Supply chain  – Distribution activities were also affected. The beginning of the Corona crisis of China caused the flow of sea canisters to slow down fairly soon in 2020. This resulted in limited transport electrical capacity during the earliest weeks of the problems, and high expenses for container transport as a consequence. Truck travel encountered various problems. Initially, there were uncertainties regarding how transport would be managed at borders, which in the long run weren’t as strict as feared. The thing that was problematic in situations that are most , nonetheless, was the availability of drivers.

The reaction to COVID 19 – provide chain resilience The supply chain resilience evaluation held by Prof. de Leeuw as well as Colleagues, was based on the overview of the core things of supply chain resilience:

To us this framework for the evaluation of the interview, the conclusions indicate that not many companies were well prepared for the corona problems and in fact mainly applied responsive practices. Probably the most important supply chain lessons were:

Figure one. Eight best practices for food supply chain resilience

First, the need to design the supply chain for flexibility and agility. This appears particularly challenging for smaller companies: building resilience into a supply chain takes attention and time in the organization, and smaller organizations often don’t have the capability to accomplish that.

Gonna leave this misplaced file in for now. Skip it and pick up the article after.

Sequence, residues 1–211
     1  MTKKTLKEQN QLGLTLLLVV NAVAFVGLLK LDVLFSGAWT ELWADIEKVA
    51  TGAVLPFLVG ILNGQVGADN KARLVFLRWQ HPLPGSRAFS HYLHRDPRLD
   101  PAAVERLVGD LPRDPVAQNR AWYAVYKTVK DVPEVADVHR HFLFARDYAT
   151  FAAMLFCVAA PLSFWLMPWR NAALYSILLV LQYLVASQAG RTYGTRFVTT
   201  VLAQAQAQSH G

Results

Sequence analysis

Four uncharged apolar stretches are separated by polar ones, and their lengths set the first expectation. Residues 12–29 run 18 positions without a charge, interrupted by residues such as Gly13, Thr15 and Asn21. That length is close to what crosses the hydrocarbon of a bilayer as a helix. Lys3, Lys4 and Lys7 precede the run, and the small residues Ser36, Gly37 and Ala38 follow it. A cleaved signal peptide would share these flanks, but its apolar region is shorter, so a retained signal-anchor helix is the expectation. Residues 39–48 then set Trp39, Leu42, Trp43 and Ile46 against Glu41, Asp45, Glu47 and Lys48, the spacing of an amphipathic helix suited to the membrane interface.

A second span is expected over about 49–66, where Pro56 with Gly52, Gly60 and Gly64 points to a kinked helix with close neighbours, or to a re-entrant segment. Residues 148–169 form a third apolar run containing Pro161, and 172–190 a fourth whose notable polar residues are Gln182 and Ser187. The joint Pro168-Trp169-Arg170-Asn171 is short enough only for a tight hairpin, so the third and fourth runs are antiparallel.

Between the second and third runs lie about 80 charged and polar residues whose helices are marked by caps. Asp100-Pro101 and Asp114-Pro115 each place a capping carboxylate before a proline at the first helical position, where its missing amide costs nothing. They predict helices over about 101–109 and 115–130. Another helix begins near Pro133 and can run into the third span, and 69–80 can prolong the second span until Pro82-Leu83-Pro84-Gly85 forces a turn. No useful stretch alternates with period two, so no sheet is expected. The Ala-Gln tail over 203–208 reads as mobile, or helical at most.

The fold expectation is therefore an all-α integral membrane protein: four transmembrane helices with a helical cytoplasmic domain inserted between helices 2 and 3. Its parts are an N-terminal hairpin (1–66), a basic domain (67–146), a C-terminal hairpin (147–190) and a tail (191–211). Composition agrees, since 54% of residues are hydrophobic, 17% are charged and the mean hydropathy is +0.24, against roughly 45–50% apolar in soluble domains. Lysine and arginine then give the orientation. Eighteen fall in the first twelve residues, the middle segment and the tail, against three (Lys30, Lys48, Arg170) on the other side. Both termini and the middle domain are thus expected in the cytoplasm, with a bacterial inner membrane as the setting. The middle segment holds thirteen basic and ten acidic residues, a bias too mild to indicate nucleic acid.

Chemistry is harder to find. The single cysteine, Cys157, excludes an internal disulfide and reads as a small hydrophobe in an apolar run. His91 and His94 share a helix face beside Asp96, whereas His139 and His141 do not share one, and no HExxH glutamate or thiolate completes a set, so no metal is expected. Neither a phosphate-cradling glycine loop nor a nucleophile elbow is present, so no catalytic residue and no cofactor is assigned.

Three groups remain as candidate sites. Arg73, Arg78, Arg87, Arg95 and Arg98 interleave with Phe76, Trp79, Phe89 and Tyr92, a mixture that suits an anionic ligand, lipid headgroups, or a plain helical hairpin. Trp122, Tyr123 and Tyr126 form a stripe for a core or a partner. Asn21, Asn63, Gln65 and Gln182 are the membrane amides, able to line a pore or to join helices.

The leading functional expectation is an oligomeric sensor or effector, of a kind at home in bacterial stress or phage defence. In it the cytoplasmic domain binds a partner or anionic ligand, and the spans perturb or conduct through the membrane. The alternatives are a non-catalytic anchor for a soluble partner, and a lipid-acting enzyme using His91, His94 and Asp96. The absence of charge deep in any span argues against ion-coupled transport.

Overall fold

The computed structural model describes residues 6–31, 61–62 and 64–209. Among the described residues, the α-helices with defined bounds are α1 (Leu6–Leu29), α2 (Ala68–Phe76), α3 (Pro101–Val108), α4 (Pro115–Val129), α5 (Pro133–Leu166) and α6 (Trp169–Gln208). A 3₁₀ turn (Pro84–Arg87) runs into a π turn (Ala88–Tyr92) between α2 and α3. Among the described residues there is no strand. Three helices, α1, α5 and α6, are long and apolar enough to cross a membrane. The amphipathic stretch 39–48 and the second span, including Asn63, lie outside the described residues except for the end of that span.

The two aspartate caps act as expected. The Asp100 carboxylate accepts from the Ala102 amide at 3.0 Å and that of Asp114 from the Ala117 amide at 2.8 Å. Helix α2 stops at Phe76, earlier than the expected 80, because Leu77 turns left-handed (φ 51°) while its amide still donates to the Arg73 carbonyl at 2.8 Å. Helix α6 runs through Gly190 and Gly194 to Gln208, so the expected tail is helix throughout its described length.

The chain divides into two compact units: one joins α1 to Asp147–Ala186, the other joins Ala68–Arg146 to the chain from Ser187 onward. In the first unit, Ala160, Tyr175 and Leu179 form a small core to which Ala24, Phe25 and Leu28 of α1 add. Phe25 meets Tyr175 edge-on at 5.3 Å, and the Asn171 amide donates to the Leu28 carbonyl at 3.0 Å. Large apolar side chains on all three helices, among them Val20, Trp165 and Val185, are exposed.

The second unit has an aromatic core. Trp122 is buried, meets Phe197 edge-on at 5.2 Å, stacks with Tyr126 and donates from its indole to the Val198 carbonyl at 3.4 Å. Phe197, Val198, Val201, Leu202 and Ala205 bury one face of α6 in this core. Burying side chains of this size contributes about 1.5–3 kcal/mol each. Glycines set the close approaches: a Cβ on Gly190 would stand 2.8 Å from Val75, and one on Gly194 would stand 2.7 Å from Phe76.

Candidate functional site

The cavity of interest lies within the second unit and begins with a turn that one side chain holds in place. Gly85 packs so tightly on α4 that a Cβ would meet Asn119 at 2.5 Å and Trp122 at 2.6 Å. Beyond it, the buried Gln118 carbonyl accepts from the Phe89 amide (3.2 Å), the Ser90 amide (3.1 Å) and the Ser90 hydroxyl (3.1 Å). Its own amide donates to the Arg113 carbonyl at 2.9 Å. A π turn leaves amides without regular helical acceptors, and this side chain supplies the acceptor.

Second, it was discovered that much more attention was required on spreading risk and aiming for risk reduction inside the supply chain. For the future, what this means is more attention should be made available to the way organizations count on suppliers, customers, and specific countries.

Third, attention is necessary for explicit prioritization as well as clever rationing techniques in situations where demand cannot be met. Explicit prioritization is necessary to keep on to satisfy market expectations but additionally to improve market shares in which competitors miss opportunities. This challenge is not new, though it has also been underexposed in this specific crisis and was often not a part of preparatory activities.

Fourthly, the corona problems shows you us that the economic effect of a crisis additionally depends on the way cooperation in the chain is set up. It’s usually unclear precisely how further expenses (and benefits) are sent out in a chain, if at all.

Finally, relative to other purposeful departments, the operations and supply chain functions are in the driving seat during a crisis. Product development and advertising activities need to go hand in hand with supply chain activities. Whether or not the corona pandemic will structurally replace the traditional discussions between logistics and production on the one hand as well as advertising on the other, the future will need to explain to.

How is the Dutch food supply chain coping throughout the corona crisis?